The question about whose experience Marx talks about is justified by the development of the passage. It is clearly not yet "market experience," and not just the "everyday experience of the reader" (we've gone down to the level of human organisms, for crying out loud). We are at the conceptual level of labor as mere physical activity, deprived of considering personal or social usefulness. The text is far from talking about the interconnected concepts of commodities, markets, wages – even the footnote hints at this "Wages is a category that, as yet, has no existence at the present stage of our investigation." – and your approach tries to insert complex categories into the text that are not yet developed and are clearly not on the same conceptual level of labor Marx is.

Very constructive, thank you. Your expertise is much appreciated.

You have to read more than one paragraph in one go, and stop trying to read sentences as entirely self-contained in meaning.
>even the footnote hints at this "Wages is a category that, as yet, has no existence at the present stage of our investigation." – and your approach tries to insert complex categories into the text that are not yet developed and are clearly not on the same conceptual level of labor Marx is.
The topic is Capital, not a sentence or two, and the issue you put in bold here is exactly why the excerpt from another chapter was provided. Do you even have an alternative hypothesis what experience could possibly relate to?


Dear OP,

if you just read the first chapter until
you will see that Marx already mentioned exchange value before the passage you have trouble parsing and he wrote that a certain quantity of a product gets equated to a quantity of another in the market:
>The proportions in which they are exchangeable, whatever those proportions may be, can always be represented by an equation in which a given quantity of corn is equated to some quantity of iron…
But you claim in


You got some issues, man.


(quoting Žižek)
I think Žižek misconstrues the position of oldschool Marxists here (though, since he hasn't named names here, he can weasel out of being proven guilty beyond doubt when it comes to that particular falsehood). Their point isn't let's look inside of the commodity to find out what it's Really Worth(TM), their point is that you shouldn't over-emphasize markets. Since you don't need capitalism or markets to arrive at a relational notion of cost and benefit of an object, opposition to capitalism or markets (even markets in the very limited sense as in the TaNS proposal) does not imply that you can't have a relational notion of that.

Žižek has trouble with thinking about objective facts existing in production if they don't also exist literally inside the products, like the steel in a car (which leads to doubt about how powerful the LTV really is). But of course, there is more than that to the objective side, it isn't just that and the rest being feelings or history or policy or what you want to call it. Some production processes require intense heat. This heat can come from electricity. This electricity can come from solar panels or a nuclear power plant or some other source, and you won't see the type of source in the molecules of the objects made with that heat. Of course, Marx doesn't mention nuclear power, but he does point out this type of objective relations that exist in production in the first volume of Capital (which OP hasn't read).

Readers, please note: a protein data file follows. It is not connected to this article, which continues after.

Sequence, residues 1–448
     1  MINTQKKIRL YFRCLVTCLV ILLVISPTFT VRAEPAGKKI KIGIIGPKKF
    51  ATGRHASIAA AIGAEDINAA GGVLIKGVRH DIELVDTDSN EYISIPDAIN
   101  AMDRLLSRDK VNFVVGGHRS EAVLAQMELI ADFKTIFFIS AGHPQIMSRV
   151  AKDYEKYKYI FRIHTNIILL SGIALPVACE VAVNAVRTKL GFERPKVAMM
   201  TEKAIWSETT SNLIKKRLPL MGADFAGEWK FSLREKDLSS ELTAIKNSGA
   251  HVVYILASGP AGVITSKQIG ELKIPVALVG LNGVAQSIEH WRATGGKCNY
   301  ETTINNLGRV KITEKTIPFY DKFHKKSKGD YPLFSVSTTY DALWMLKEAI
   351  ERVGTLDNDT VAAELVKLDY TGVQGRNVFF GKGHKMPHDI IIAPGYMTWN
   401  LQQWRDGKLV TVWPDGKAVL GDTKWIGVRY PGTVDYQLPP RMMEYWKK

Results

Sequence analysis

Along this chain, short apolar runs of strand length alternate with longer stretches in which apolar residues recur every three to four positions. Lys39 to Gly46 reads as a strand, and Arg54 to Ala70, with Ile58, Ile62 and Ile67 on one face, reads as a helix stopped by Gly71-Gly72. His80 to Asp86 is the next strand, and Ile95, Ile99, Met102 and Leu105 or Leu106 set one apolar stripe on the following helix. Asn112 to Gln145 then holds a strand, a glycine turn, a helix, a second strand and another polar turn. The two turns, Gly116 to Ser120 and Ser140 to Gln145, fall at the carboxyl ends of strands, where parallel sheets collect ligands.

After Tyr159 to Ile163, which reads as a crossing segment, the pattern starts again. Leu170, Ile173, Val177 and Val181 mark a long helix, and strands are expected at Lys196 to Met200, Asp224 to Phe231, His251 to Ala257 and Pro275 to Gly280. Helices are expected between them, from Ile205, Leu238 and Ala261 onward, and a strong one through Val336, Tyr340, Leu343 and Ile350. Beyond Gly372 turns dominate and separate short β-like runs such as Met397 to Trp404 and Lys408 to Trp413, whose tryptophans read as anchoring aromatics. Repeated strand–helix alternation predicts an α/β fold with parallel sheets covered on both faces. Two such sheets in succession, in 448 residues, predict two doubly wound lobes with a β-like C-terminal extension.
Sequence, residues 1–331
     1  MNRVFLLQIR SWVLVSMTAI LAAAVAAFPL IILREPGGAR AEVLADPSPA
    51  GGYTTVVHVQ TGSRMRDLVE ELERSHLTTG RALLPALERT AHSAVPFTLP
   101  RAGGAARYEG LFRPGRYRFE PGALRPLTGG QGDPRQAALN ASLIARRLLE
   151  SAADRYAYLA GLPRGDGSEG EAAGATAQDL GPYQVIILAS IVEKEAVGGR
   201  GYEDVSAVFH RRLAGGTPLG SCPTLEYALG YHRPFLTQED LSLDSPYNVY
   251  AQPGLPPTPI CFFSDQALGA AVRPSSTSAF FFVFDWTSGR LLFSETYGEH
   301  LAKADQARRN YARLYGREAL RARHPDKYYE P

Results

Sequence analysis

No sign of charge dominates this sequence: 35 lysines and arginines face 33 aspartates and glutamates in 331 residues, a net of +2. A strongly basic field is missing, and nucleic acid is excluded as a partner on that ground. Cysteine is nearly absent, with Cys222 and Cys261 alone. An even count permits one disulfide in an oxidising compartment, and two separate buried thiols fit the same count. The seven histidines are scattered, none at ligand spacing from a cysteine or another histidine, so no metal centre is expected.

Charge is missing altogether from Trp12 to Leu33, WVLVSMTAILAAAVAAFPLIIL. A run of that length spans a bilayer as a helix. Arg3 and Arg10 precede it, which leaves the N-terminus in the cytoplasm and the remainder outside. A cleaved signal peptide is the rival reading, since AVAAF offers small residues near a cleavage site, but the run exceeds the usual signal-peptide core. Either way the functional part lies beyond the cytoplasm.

Cockshott. I guess you mean this part:

… minus some deductions for a buffer, for children, the elderly, healthcare, a (hopefully) expanding part of social consumption, and for research and expanding production is what Marx himself advocated for, see his remark on Owen's "money" in (sigh) Capital Volume One as well as Critique of the Gotha Program. What Marx criticized wasn't labour vouchers in themselves regardless of the system around them, but the feasibility of the combination of fixed administrative prices with decentralized management of production.

You want to have a discussion how a proposal of a book you haven't read relates to another book that you haven't read? Well, I have read both and here is my impression of the text you posted: Posing in the garb of the radical, the author vomits out "thought" that starts with echoing the totalitarianism doctrine of hysterical liberals ("Marx’s technocratic vision of Communism", "asocial character of labor"), one tangent "leads" to another, quotations are tortured in tangentception until they confess, and then it fizzles out in lethargic randomness.